OOPS: Facebook admits storing millions of passwords in plain text

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Facebook overnight confessed that it had stored passwords in plain text, and would notify hundreds of millions of affected users.

“As part of a routine security review in January, we found that some user passwords were being stored in a readable format within our internal data storage systems,” said Facebook vice president Pedro Canahuati on a blog post.

The discovery was notable because usually passwords are encrypted and scrambled so that even if a hacker had access to the database, the stored passwords would make no sense to them.

Canahuti estimated that “hundreds of millions” of Facebook Lite users would be contacted about the slip-up, as well as “tens of millions” of standard Facebook users, and “tens of thousands” of Instagram accounts.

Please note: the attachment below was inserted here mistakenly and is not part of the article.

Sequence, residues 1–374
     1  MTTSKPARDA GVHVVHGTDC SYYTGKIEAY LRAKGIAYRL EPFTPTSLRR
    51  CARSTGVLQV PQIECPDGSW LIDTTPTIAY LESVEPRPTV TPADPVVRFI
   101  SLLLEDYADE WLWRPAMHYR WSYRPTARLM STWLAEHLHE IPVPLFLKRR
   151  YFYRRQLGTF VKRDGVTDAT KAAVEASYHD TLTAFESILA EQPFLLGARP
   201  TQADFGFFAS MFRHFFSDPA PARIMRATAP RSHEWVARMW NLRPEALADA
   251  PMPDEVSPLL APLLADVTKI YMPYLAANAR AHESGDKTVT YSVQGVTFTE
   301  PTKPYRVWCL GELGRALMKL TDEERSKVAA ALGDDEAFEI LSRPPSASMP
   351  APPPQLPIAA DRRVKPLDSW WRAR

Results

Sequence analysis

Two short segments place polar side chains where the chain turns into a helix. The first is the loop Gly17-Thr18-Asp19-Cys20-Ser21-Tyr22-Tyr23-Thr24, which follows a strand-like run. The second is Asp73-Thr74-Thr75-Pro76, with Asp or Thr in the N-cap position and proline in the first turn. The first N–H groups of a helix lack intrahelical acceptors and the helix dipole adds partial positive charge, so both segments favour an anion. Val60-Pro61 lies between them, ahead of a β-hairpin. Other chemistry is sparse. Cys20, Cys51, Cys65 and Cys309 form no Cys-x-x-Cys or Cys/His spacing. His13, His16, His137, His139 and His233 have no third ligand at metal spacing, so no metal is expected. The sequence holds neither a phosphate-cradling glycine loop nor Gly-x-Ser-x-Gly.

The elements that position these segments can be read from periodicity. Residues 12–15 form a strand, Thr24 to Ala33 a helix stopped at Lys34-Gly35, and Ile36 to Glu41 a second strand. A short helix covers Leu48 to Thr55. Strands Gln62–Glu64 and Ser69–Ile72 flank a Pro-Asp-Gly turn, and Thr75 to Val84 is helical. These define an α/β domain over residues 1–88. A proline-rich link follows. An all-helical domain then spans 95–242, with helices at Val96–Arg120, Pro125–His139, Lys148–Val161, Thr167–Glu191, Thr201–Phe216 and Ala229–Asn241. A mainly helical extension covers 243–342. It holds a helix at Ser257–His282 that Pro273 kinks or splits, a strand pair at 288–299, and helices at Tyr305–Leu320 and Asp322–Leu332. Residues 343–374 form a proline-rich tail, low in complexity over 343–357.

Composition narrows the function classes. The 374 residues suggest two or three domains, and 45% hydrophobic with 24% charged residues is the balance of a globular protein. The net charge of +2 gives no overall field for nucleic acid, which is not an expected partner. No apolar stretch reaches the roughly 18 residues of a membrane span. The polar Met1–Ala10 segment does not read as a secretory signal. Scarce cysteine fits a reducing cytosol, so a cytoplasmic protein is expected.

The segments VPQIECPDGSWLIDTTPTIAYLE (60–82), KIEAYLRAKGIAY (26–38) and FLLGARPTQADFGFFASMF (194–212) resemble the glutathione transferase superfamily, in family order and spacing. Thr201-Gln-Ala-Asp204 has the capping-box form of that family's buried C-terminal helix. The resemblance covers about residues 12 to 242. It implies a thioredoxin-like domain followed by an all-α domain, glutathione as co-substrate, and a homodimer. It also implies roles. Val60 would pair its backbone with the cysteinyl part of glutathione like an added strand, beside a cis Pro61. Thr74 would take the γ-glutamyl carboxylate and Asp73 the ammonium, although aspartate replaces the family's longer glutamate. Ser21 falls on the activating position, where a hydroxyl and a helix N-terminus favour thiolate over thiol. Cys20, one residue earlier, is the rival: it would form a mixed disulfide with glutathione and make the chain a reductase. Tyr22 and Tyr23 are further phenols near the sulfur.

Facebook Lite is a version of the social media site used by people in countries with low-speed internet connections.

“These passwords were never visible to anyone outside of Facebook and we have found no evidence to date that anyone internally abused or improperly accessed them,” said Canahuti.

Facebook has security measures outside of passwords that kick in if it detects suspicious login activity – such as looking out for an unusual device, cross-matching stolen passwords from data breaches on other online services, and even a physical key for certain users.

“We introduced the ability to register a physical security key to your account, so the next time you log in you’ll simply tap a small hardware device that goes in the USB drive of your computer,” wrote Canahuti.

“This measure is particularly critical for high-risk users including journalists, activists, political campaigns and public figures.”

Facebook’s privacy and security practices came under sharp scrutiny in the past couple of years, with incidents like data leaks to third-party firm Cambridge Analytica that was allegedly used to pervert election results.

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